Create, review, and deploy automated machine learning models with Azure Machine Learning
In this article, you learn how to create, explore, and deploy automated machine learning models without a single line of code in Azure Machine Learning studio.
Automated machine learning is a process in which the best machine learning algorithm to use for your specific data is selected for you. This process enables you to generate machine learning models quickly. Learn more about automated machine learning.
For an end to end example, try the tutorial for creating a classification model with Azure Machine Learning's automated ML interface.
For a Python code-based experience, configure your automated machine learning experiments with the Azure Machine Learning SDK.
An Azure subscription. If you don't have an Azure subscription, create a free account before you begin. Try the free or paid version of Azure Machine Learning today.
An Azure Machine Learning workspace. See Create an Azure Machine Learning workspace.
Sign in to Azure Machine Learning at https://ml.azure.com.
Select your subscription and workspace.
Navigate to the left pane. Select Automated ML under the Author section.
If this is your first time doing any experiments, you'll see an empty list and links to documentation.
Otherwise, you'll see a list of your recent automated machine learning experiments, including those created with the SDK.
Create and run experiment
Select + New automated ML run and populate the form.
Select a dataset from your storage container, or create a new dataset. Datasets can be created from local files, web urls, datastores, or Azure open datasets. Learn more about dataset creation.
Requirements for training data:
- Data must be in tabular form.
- The value you want to predict (target column) must be present in the data.
To create a new dataset from a file on your local computer, select +Create dataset and then select From local file.
In the Basic info form, give your dataset a unique name and provide an optional description.
Select Next to open the Datastore and file selection form. On this form you select where to upload your dataset; the default storage container that's automatically created with your workspace, or choose a storage container that you want to use for the experiment.
- If your data is behind a virtual network, you need to enable the skip the validation function to ensure that the workspace can access your data. For more information, see Use Azure Machine Learning studio in an Azure virtual network.
Select Browse to upload the data file for your dataset.
Review the Settings and preview form for accuracy. The form is intelligently populated based on the file type.
Field Description File format Defines the layout and type of data stored in a file. Delimiter One or more characters for specifying the boundary between separate, independent regions in plain text or other data streams. Encoding Identifies what bit to character schema table to use to read your dataset. Column headers Indicates how the headers of the dataset, if any, will be treated. Skip rows Indicates how many, if any, rows are skipped in the dataset.
The Schema form is intelligently populated based on the selections in the Settings and preview form. Here configure the data type for each column, review the column names, and select which columns to Not include for your experiment.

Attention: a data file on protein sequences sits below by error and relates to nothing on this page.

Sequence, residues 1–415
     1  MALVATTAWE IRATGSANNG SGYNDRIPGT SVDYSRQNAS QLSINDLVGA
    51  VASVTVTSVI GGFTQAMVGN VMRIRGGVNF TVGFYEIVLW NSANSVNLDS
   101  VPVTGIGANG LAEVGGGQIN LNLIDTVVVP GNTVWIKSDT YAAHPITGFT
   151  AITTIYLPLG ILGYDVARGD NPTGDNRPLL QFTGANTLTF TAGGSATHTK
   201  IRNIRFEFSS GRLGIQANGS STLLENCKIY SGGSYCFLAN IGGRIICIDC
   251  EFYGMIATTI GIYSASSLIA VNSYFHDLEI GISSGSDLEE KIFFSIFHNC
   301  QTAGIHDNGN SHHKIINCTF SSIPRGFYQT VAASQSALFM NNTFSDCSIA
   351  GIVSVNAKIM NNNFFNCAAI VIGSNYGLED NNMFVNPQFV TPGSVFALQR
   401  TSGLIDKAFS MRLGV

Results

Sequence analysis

The Confirm details form is a summary of the information previously populated in the Basic info and Settings and preview forms. You also have the option to create a data profile for your dataset using a profiling enabled compute. Learn more about data profiling.
Select your newly created dataset once it appears. You are also able to view a preview of the dataset and sample statistics.
On the Configure run form, select Create new and enter Tutorial-automl-deploy for the experiment name.
Select a target column; this is the column that you would like to do predictions on.
Select a compute for the data profiling and training job. A list of your existing computes is available in the dropdown. To create a new compute, follow the instructions in step 7.
Select Create a new compute to configure your compute context for this experiment.
Field Description Compute name Enter a unique name that identifies your compute context. Virtual machine priority Low priority virtual machines are cheaper but don't guarantee the compute nodes. Virtual machine type Select CPU or GPU for virtual machine type. Virtual machine size Select the virtual machine size for your compute. Min / Max nodes To profile data, you must specify 1 or more nodes. Enter the maximum number of nodes for your compute. The default is 6 nodes for an AML Compute. Advanced settings These settings allow you to configure a user account and existing virtual network for your experiment.
Select Create. Creation of a new compute can take a few minutes.
Your compute name will indicate if the compute you select/create is profiling enabled. (See the section data profiling for more details).
On the Task type and settings form, select the task type: classification, regression, or forecasting. See supported task types for more information.
For classification, you can also enable deep learning.
If deep learning is enabled, validation is limited to train_validation split. Learn more about validation options.
For forecasting you can,
Enable deep learning.
Select time column: This column contains the time data to be used.
Select forecast horizon: Indicate how many time units (minutes/hours/days/weeks/months/years) will the model be able to predict to the future. The further the model is required to predict into the future, the less accurate it will become. Learn more about forecasting and forecast horizon.
(Optional) View addition configuration settings: additional settings you can use to better control the training job. Otherwise, defaults are applied based on experiment selection and data.
Additional configurations Description Primary metric Main metric used for scoring your model. Learn more about model metrics. Explain best model Select to enable or disable, in order to show explanations for the recommended best model.